“The Bones of Geronimo is a book about two border patrol agents of Sierra Vista, Arizona, one of which is a descendant of Geronimo. These two agents experience the thrill of the chase to capture illegal aliens crossing the border at night. They have an outstanding arrest record for undocumented and illegal aliens in their joint portfolio. They make numerous excursions into the desert, and by campfire, Gerald Gerome Geronimo—otherwise called Jerry by his associate—tells stories of his great-grandfather, Chief Geronimo. The flashbacks to the Indian wars between the Mexican Army and the United States Army add flavor at points in the current events. They capture ten undocumented aliens and, by executive order from President Obama, are ordered to release them if they had not committed any other crime but entry into the United States.
Samuel Jackson Silverstone, known as Jack to his friends, obeys the order but plants GPS tracking devices into their rears under the guise of a tuberculosis injection. He returns the illegal aliens to the spot they were captured and turns to watch them run away. Jerry and Jack return to the sheriff’s office and turn on the tracking computer to watch the screen display ten individuals disperse into the desert. Two of the individuals return to Mexico and drop off the screen’s attention. The other eight individuals are seen throughout the night walking toward town. They observe their movements and wait. They respond to alarms that are set off concerning robberies and murder and exercise their rights to arrest offending criminals.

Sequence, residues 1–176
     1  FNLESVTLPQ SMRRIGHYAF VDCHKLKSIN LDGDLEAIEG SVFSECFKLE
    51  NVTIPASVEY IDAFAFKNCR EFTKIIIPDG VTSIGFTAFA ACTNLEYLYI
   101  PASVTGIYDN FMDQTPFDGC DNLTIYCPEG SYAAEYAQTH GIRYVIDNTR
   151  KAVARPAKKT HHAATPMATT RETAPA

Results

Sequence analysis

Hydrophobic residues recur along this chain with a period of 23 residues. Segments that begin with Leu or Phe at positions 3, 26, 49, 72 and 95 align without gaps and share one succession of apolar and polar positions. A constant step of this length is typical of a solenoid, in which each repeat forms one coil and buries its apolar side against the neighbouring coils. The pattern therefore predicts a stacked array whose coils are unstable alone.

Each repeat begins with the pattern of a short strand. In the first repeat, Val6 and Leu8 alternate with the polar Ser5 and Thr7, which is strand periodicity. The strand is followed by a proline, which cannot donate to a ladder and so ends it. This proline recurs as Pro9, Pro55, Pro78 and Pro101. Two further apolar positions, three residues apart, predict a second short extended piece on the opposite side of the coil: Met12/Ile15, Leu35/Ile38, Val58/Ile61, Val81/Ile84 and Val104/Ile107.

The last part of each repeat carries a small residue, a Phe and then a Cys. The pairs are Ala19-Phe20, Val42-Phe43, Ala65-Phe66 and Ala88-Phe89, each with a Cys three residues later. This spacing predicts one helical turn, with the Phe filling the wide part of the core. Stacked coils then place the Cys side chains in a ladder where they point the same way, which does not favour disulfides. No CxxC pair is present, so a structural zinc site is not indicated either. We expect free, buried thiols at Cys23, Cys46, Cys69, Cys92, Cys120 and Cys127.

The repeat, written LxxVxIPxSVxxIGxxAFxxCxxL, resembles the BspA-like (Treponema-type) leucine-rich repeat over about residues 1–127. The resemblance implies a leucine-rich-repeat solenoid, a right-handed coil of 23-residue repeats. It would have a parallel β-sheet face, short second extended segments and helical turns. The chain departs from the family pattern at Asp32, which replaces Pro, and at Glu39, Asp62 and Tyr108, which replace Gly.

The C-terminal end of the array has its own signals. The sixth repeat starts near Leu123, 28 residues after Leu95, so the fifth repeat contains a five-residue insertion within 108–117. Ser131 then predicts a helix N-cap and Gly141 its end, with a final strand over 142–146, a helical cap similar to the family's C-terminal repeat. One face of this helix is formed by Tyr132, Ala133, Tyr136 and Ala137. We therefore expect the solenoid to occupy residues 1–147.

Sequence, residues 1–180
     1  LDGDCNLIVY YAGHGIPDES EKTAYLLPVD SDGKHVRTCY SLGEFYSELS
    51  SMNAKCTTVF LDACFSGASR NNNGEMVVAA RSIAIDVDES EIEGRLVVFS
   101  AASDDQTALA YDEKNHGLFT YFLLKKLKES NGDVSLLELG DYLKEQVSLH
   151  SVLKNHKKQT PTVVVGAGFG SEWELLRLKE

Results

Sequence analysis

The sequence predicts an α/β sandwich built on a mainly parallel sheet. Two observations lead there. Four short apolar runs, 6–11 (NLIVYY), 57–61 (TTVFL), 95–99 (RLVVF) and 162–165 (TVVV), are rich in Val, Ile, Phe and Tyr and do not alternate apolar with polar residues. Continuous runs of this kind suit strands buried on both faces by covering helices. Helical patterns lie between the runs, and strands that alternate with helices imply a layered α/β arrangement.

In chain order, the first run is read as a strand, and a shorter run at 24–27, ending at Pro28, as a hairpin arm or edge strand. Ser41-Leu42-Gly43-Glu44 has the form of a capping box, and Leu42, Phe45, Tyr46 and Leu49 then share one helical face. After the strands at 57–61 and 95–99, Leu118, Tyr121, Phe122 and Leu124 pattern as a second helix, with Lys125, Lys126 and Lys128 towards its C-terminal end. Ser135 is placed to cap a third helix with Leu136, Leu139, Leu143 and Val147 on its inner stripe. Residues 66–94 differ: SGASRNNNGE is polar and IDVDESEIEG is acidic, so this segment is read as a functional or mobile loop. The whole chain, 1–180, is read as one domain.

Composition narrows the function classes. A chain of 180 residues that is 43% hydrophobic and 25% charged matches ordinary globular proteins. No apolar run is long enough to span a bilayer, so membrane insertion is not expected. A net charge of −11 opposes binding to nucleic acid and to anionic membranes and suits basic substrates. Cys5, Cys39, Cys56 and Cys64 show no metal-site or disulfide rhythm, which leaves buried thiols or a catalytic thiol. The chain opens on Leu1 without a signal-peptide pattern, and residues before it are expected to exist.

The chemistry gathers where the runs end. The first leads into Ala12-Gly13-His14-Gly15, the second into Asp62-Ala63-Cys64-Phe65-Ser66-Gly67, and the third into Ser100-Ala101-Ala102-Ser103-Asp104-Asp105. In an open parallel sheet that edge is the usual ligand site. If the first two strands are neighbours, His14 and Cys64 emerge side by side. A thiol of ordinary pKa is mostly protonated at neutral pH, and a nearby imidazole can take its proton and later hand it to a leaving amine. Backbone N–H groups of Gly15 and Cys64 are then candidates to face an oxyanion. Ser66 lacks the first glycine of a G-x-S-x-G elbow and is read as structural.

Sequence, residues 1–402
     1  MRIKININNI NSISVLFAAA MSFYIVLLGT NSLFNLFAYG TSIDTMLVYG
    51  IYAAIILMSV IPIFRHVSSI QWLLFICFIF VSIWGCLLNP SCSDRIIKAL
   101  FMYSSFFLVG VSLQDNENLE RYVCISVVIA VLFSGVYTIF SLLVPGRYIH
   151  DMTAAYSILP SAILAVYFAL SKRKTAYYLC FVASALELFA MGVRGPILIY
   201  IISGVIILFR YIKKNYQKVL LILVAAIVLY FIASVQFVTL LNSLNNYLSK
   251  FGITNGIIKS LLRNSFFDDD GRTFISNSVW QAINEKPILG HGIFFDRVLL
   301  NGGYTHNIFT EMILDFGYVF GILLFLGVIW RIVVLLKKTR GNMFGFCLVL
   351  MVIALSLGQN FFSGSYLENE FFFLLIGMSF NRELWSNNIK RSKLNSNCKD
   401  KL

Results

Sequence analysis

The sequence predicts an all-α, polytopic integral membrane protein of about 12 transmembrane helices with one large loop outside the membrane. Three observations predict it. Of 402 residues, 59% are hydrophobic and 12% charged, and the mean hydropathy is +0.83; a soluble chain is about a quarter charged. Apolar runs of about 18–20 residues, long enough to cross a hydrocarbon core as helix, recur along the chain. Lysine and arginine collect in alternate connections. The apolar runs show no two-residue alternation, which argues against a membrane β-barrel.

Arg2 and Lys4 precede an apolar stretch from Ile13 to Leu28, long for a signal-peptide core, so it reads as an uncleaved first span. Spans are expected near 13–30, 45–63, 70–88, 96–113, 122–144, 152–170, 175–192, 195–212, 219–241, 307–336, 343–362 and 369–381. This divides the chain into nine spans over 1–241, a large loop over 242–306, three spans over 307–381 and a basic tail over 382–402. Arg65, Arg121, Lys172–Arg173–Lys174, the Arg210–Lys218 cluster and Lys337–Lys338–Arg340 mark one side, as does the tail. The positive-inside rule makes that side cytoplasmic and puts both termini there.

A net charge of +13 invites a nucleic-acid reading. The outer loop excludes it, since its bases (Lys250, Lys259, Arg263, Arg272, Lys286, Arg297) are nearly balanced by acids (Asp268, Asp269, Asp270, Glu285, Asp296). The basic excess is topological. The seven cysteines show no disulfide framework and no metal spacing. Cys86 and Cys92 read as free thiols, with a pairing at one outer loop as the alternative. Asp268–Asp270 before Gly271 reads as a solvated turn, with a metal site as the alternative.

Jerry is troubled by the news of his goal to return the bones of Geronimo to his birthplace requested by the Apache chief of the Bedonkohe tribe. His request was to be buried in the Triplet Mountains of San Carlos near the headwaters of the Gila River. Geronimo was buried at Fort Sill in Lawton, Oklahoma, where his formal request was ignored. However, Jerry learns that the Skull and Bones Society from Yale University has stolen the bones of Geronimo for their collection, particularly by Prescott Bush and six other bones men in 1918. Jerry’s group appeals to the congress and Pres. George W. Bush concerning the return of the bones of Geronimo.”